In their most recent report on advertising creativity and effectiveness, the IPA and author Peter Field reach the startling conclusion that both creativity and effectiveness are under threat. And who are the culprits? They believe that short-term thinking – especially a focus on driving rapid sales – combined with the recent global financial crisis, are responsible for killing creativity in advertising.
Their findings are clear and shocking. The impact of creativity on efficiency has halved over the past few years, in a business environment where short-term thinking and a desire for instant results are the norm. The consequence of this focus on instantaneousness is that an increasing majority of advertising is less creative and has less long-term impact. Everything is focused on sales to the detriment of long-term brand building.
Short-term thinking seems to have become the curse of our age, but its effects are pernicious and the slow creep to increasingly shorter time horizons and measurements are often difficult to see in the midst of our lives. They reach far beyond advertising and into a more general and pervasive atmosphere, where everyone wants immediate results and there is no patience for the value of longer-term thinking.
On the flip side, Peter Field and the IPA found a strong decline in brand fame effects (building long-term emotional associations between brands and people). The combined impact of focus on short-term and lack of brand building is that advertising is becoming less effective. Combined with reduced investment in advertising and very few long-term campaigns, the efficiency of advertising has halved. If the trend continues in terms of budgets and creativity, many campaigns will eventually have no impact on long-term brand growth, and in some cases may even lead to negative growth.
Creativity needs time and nurturing to maximise the value of its return. Creativity is all about building connections between ideas; this first of all needs a rich resource of ideas as well as time for our brains to reflect on those resources and find new patterns among them. For many people it can be difficult to find that time in today’s fast-moving business environment.
We need to find that time if we want to move beyond a world of ever- smaller innovation increments and avoid chasing our own tails. That means taking the time to avoid digital distractions and giving our brains enough quality time to think about and explore ideas.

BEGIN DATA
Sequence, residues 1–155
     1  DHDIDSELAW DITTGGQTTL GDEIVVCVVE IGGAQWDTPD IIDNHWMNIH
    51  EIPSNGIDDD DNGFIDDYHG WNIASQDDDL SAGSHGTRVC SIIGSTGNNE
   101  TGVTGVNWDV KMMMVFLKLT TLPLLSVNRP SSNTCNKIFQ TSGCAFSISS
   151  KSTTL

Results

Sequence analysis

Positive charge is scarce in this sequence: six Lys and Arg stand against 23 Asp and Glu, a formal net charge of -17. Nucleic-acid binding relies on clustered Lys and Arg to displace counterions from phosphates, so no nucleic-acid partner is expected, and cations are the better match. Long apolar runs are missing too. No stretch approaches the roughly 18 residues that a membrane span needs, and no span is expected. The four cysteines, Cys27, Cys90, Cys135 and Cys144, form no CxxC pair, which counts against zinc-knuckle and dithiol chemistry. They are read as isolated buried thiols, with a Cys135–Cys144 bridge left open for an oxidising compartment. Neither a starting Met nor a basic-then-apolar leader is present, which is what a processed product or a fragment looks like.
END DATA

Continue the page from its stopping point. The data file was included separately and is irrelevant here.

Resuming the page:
Advertisers and marketers can often become too easily distracted. One of the conclusions of the IPA report was that even when advertisers develop a strong creative idea they often don’t make the most of it. Great ideas need to be exploited for as long as possible, maximising their impact and using them to build brand fame.
The report’s authors also conclude that creativity should never be dontevaluated over shorter time frames (less than six months), as to do so understates and undervalues creativity, often discouraging the longer-term exploitation of creative value.
Overall, the consequence of short-term thinking in advertising – and more generally in business – undermines long-term growth. By the very act of focusing on the immediate (and measurable) effects of an advert (or any commercial activity) we lose sight of its greater value and potentially greater long-term impact.
Of course the same challenges face market research, where the drive for quicker, cheaper and faster solutions is something that we all confront. Speed of execution is always a good thing, but that speed must be supported by great thinking, validated frameworks and a mind-set that integrates the bigger picture into even the smallest and fastest piece of research.
In his novel Slowness, Czech writer Milan Kundera notes, “The degree of slowness is directly proportional to the intensity of memory. The degree of speed is directly proportional to the intensity of forgetting”. If we want great experiences and want our customers to have great experiences with our brand, let’s make time to slow down once in a while, enjoy the moment and above all be creative.
What brands decide to do with their advertising is ultimately up to them, but the evidence is clear and unambiguous. However, let’s not let the same process happen to our own creative minds. As Austrian satirist Karl Kraus wrote, “What good is speed if the brain has oozed out on the way?”